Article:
We leave off about to finish Brennus the backstabber off, while watching the Romans warily.
It does not take long to finish the Celts off. Unfortunately, as we are taking the capital, Caesar sneaks up the coast and takes Vienne. That's the Hindu holy city, and would have been worth big bucks. The army that does the job for him is around 25 rifles and cannons - we knew peace would not last long.
Two turns later, Rome comes knocking... 'peacefully' at first:
We debate the decision for a while, and decide to buy the 10 turns of peace. The Celtic cities were freshly taken and needed most of our troops to quell, the stack that took the capital was still injured, and we would almost have flight by the time the peace treaty ended. We tech democracy and start on flight, switch to emancipation and organised religion, and greedily build factories and coal plants (somehow we have a huge surplus of health).
When the treaty ends, we notice that Rome is about 2 turns into researching assembly line. With his 1.8 power ratio, we can't allow him to hit that tech peacefully - we need to cull his rifleman numbers to avoid being overwhelmed. We turn down our science rate, in preparation to upgrade our rifles into infantry.
On that very turn, Caesar sensed the weakness from us building a round of buildings instead of military, and declared war. He moves out of Vienne towards Nongoma with a menacing stack:
So kicks off a bloody handful of turns. We move our main stack to the lightly defended Vienne and take it. Caesar continues marching his main stack to Nongoma, and also spends the few turns throwing cavalry, riflemen, airships and cannons at our border cities and stray units. The roads near Vienne on the Roman side are poor, and we are heavily favoured in trading in that area. Up and down the border, we trade efficiently at about 2:1 if not 3:1, but his strength ratio stubbornly stays at 1.8, and some of our best veterans are dying. Bibactrate also decides to rebel at this moment, and we feel immensely vulnerable.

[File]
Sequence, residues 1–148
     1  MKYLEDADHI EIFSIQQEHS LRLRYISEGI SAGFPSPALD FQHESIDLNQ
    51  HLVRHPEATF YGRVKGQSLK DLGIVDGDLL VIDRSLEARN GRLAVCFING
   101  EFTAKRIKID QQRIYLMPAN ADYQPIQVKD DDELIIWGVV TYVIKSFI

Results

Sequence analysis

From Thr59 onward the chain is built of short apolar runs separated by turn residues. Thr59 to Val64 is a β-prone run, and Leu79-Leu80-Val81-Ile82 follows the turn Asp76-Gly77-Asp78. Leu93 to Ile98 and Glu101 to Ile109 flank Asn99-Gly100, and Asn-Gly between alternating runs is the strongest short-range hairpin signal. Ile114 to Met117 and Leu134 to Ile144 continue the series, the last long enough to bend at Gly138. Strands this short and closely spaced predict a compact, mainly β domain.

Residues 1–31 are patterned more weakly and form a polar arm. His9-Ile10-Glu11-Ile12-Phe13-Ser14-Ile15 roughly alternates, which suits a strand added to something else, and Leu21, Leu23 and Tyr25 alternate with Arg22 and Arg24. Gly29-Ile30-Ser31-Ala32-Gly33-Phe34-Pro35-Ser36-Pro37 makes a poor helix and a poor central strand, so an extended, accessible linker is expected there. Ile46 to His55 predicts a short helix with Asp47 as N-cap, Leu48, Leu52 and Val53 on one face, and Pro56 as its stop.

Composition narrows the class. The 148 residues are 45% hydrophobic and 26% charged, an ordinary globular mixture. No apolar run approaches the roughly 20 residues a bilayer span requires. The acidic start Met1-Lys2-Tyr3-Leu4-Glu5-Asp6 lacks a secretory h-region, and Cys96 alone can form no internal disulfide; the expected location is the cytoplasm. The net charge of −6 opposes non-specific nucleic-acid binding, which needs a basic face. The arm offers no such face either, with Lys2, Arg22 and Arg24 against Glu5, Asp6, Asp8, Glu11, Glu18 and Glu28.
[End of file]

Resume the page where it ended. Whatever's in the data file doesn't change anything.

We take some calculated gambles and move some garrison from not-quite-quelled Celtic cities to the frontline. Luckily they did not rebel in subsequent turns. Together with our fresh infantry from our newly industrialised core cities, they stabilise the line in the nick of time. We finish flight and our upgraded airships shoot down Caesar's, establishing air dominance again.
Up north at Nongoma, our hastily assembled defence force of 3 infantry and a machine gun fall to Caesar's stack, but not before taking about 7 units into the depths of hell with them, leaving this stack isolated in the middle of my lands:
You can see that Caesar was 79% of the way to infantry at that point, and his military ratio was still 1.7. We don't have long, and we scramble all available units to assault Nongoma. On the turn before he finished assembly line, we killed 5 riflemen. On the turn he finished it, we killed another 8. The turn after that, he had 2 infantry in the city, but that was too late. We had cut Caesar down to size, his ratio now a mere 1.2, and his ego swallowed:
In the meantime, Gilgamesh seems to be mainly concentrating on science. Despite us running 0% science for about 5 turns to upgrade our troops, he isn't really pulling ahead. We southern islands are also pumping out destroyers now, so at some point we will hopefully secure a naval advantage over him, ensuring future security.
So a tense session that threatened to spiral out of control, but in the end achieved the purpose of destroying the bulk of the Roman army before it all got upgraded into infantry. Now that he has mostly just garrisons left, I'm minded to push on to Neapolis to ensure it is easier to deny him oil, and then reassess from there. If he cannot beg or borrow oil from Gilgamesh, then it'll only a matter of time before my future bombers and tanks roll over his limited military options.